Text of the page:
When I first started listening to Australian Premières, I asked myself: “Is that real?” Was I hearing a booming and expressive orchestra, or was the sound delivered to me by technological means? I was leaning toward the latter until my suspicions were confirmed via the notes accompanying this album by David Stanhope & his Orchestra.
Three Australian symphonies are presented for the first time; Stanhope’s ethos being to “bring unknown or neglected music to life”. He argues that without this album (and its warm but mildly midi-sounding sample libraries), we’d not have the opportunity to listen. Indeed, we might not – and yet, the Symphony in C Minor by George Marshall-Hall opens this album as ambitiously as any work by a classical master.
The following Peter Tahourdin Symphony No 5 doesn’t flow well from the opening; its wilder dissonances seem out of place with the surrounding works, but it’s worthy of a standalone listen. David Morgan’s Symphony No 13 is filled with both frivolity and might through which we can forget the orchestral samples and just concentrate on the music.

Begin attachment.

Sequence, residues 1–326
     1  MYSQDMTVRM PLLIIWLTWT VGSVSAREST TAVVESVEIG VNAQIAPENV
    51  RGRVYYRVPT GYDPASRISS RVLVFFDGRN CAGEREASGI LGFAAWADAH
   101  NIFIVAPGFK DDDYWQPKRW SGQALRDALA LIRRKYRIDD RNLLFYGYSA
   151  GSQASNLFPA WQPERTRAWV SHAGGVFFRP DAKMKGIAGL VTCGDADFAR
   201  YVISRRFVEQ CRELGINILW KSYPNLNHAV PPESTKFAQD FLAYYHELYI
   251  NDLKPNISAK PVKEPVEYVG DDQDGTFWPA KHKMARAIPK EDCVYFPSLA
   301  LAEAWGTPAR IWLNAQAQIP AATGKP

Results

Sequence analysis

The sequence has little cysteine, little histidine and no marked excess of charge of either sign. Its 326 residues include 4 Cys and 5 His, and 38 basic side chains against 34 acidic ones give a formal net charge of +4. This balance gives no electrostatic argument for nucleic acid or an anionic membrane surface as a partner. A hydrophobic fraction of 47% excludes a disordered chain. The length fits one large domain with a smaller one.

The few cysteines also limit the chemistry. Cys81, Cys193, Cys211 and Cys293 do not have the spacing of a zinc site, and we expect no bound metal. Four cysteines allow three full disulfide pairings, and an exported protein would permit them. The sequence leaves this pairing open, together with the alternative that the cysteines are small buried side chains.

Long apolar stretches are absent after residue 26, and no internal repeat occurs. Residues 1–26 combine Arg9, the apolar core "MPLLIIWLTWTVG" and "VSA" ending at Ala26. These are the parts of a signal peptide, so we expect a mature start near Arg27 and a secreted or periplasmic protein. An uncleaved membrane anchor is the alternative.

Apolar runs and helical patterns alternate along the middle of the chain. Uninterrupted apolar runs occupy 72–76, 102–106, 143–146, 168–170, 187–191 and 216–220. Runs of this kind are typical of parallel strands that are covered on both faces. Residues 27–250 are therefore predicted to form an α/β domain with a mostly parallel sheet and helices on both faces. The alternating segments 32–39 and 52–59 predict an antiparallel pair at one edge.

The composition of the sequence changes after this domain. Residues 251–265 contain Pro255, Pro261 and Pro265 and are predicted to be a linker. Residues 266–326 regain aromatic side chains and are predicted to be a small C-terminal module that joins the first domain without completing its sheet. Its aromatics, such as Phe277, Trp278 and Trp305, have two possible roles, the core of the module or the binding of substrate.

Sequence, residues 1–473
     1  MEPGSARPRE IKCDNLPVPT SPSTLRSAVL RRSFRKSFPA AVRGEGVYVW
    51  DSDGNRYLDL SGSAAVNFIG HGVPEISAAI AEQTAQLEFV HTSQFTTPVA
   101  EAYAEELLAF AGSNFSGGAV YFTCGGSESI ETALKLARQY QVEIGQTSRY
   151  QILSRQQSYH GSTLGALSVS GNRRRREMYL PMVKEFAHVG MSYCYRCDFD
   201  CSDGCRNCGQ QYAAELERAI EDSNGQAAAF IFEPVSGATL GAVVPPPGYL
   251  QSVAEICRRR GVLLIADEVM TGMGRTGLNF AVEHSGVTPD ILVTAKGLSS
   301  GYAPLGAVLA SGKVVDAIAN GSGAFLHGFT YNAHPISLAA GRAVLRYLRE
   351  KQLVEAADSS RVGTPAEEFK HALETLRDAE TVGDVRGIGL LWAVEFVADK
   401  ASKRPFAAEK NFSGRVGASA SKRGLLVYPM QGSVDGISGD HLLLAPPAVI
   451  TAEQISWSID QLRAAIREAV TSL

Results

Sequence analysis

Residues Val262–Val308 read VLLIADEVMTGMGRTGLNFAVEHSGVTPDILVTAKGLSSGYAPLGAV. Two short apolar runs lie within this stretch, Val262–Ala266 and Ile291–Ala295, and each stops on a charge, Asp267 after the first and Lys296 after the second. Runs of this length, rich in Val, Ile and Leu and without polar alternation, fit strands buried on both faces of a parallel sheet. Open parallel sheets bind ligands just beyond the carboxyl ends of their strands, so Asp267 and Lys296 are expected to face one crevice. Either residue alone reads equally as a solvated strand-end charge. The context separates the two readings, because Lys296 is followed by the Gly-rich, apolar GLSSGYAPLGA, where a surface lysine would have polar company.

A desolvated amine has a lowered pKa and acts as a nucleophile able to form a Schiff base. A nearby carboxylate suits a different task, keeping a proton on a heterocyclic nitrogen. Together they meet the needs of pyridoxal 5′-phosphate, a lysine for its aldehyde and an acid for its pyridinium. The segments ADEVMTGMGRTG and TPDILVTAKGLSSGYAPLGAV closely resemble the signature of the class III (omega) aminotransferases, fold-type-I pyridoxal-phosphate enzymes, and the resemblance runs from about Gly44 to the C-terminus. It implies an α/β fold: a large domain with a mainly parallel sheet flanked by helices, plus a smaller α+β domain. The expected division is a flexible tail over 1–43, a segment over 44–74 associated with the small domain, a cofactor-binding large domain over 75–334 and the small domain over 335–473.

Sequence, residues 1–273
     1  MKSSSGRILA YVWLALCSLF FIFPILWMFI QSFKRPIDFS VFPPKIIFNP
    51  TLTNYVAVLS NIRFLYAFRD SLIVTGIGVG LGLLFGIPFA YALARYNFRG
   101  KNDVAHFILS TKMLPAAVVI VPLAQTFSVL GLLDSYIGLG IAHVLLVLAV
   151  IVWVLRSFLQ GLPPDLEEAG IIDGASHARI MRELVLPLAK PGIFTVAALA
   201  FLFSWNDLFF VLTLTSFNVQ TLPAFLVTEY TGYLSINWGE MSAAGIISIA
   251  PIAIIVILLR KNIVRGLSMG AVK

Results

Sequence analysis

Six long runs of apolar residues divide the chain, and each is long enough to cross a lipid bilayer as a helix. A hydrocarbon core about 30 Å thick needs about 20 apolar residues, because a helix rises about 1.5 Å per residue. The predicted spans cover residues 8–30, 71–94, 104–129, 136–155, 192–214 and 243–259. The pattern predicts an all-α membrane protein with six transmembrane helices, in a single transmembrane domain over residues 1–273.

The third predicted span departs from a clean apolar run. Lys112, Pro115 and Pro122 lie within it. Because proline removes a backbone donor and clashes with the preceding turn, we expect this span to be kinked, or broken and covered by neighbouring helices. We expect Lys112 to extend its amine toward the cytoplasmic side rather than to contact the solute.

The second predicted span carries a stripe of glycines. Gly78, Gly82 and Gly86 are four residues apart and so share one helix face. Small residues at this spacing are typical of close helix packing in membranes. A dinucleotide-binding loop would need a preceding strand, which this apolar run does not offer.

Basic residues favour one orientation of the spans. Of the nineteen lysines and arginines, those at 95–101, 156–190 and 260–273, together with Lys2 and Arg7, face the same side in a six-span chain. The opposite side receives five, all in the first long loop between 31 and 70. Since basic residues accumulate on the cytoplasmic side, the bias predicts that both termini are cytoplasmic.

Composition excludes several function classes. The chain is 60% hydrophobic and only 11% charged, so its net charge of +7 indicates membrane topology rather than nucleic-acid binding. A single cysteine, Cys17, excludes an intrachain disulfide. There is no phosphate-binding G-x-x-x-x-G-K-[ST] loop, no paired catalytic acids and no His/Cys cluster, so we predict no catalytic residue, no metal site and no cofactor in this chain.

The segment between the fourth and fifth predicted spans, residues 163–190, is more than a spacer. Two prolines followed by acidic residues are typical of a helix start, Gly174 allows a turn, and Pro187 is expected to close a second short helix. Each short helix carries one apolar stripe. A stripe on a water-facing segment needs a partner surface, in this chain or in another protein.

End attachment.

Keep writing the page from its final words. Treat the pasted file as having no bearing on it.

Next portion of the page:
Far from a concept album, Stanhope’s is an important contribution to Australian music. No, it doesn’t match the standard of a live orchestra. But I hope he returns to his digital instruments to realise more of the country’s unreasonably buried works. I’ll continue to listen.